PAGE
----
The Painful Shoulder: Shoulder Impingement Syndrome
Yousaf Khan*, Mathias Thomas Nagy, Joby Malal, Mohammad Waseem
Identifiers and Pagination:Year: 2013
Issue: Suppl 3
First Page: 347
Last Page: 351
Publisher ID: TOORTHJ-7-347
Article History:Received Date: 19/1/2013
Revision Received Date: 2/2/2013
Acceptance Date: 23/2/2013
Electronic publication date: 6/9/2013
Collection year: 2013
open-access license: This is an open access article distributed under the terms of the Creative Commons Attribution License (http://creativecommons.org/licenses/by/2.5/) which permits unrestrictive use, distribution, and reproduction in any medium, provided the original work is properly cited.
Rotator cuff disorders are considered to be among the most common causes of shoulder pain and disability encountered in both primary and secondary care.
The general pathology of subacromial impingment generally relates to a chronic repetitive process in which the conjoint tendon of the rotator cuff undergoes repetitive compression and micro trauma as it passes under the coracoacromial arch. However acute traumatic injuries may also lead to this condition.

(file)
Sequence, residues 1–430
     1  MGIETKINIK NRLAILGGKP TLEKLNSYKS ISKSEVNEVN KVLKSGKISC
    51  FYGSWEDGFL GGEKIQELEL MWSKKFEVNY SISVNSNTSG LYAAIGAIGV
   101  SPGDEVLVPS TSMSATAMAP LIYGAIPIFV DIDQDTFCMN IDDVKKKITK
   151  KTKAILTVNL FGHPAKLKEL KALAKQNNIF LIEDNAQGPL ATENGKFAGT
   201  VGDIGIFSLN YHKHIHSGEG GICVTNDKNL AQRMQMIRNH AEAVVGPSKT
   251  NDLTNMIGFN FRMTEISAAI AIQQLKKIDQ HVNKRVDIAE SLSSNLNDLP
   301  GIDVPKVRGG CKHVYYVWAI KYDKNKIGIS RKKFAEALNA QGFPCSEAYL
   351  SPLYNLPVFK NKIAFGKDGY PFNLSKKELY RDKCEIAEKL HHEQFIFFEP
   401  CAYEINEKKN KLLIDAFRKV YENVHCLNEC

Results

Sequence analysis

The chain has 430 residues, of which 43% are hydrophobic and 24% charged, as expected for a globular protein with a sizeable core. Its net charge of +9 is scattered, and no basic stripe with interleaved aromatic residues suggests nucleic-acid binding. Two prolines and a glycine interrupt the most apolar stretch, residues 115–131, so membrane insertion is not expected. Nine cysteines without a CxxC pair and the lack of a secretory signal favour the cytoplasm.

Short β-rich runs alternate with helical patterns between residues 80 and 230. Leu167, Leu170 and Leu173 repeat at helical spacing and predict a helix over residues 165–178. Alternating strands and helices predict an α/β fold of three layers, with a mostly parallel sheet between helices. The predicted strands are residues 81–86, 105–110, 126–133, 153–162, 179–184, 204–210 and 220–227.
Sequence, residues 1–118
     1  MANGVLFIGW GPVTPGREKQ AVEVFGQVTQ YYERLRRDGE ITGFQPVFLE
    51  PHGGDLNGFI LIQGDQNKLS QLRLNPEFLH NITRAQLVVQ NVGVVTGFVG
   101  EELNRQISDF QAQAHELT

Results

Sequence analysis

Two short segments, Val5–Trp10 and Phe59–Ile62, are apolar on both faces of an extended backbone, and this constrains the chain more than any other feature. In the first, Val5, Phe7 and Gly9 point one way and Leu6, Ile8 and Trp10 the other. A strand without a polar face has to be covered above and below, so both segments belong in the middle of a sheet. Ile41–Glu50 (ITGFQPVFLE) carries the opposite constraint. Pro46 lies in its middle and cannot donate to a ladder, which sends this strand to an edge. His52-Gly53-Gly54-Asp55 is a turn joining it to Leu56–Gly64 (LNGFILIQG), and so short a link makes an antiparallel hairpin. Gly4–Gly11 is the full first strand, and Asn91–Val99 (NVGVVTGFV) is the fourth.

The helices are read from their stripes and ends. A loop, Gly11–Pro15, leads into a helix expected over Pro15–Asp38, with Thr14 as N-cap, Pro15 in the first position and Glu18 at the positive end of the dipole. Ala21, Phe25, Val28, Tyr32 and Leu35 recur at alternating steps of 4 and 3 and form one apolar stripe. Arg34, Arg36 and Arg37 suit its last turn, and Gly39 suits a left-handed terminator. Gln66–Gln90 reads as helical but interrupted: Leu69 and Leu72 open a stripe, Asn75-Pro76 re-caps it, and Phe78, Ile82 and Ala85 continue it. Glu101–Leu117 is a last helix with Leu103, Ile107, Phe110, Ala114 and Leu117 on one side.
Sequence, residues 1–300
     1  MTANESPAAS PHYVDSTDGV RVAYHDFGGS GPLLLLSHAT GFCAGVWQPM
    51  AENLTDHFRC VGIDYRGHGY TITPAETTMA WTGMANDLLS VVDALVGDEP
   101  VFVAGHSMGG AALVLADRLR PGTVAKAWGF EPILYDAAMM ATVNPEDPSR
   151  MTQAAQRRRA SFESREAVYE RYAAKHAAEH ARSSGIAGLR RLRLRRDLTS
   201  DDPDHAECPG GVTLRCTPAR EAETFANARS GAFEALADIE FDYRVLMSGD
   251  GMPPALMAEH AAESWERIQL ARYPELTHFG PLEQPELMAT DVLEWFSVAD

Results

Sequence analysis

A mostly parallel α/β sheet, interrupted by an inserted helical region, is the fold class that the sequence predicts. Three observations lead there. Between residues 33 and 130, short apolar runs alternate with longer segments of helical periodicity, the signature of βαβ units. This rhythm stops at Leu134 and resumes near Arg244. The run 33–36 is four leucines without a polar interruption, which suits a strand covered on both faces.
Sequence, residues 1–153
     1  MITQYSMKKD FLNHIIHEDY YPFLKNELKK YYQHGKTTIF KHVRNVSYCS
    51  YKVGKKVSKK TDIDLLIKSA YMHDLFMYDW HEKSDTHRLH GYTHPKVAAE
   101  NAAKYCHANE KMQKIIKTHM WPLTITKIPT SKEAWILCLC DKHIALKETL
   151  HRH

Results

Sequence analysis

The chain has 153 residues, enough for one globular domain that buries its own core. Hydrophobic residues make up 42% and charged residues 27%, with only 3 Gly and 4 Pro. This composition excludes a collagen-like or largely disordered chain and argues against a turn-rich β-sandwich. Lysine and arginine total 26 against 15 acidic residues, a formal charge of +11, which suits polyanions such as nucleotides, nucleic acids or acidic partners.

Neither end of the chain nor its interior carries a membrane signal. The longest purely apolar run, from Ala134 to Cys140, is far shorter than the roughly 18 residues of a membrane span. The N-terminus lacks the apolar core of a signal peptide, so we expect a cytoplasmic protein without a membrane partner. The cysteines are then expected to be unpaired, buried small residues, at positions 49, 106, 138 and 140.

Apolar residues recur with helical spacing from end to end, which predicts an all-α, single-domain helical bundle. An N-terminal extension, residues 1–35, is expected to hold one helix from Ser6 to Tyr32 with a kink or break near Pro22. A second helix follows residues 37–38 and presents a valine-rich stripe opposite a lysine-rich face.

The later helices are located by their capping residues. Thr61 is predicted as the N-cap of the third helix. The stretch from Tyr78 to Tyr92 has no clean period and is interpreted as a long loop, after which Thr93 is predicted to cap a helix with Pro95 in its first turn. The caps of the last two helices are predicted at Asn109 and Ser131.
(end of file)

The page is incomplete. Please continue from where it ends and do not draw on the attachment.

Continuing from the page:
Diagnosis remains a clinical one, however advances in imaging modalities have enabled clinicians to have an increased understanding of the pathological process. Ultrasound scanning appears to be a justifiable and cost effective assessment tool following plain radiographs in the assessment of shoulder impingment, with MRI scans being reserved for more complex cases.
A period of observed conservative management including the use of NSAIDs, physiotherapy with or without the use of subacromial steroid injections is a well-established and accepted practice. However, in young patients or following any traumatic injury to the rotator cuff, surgery should be considered early. If surgery is to be performed this should be done arthroscopically and in the case of complete rotator cuff rupture the tendon should be repaired where possible.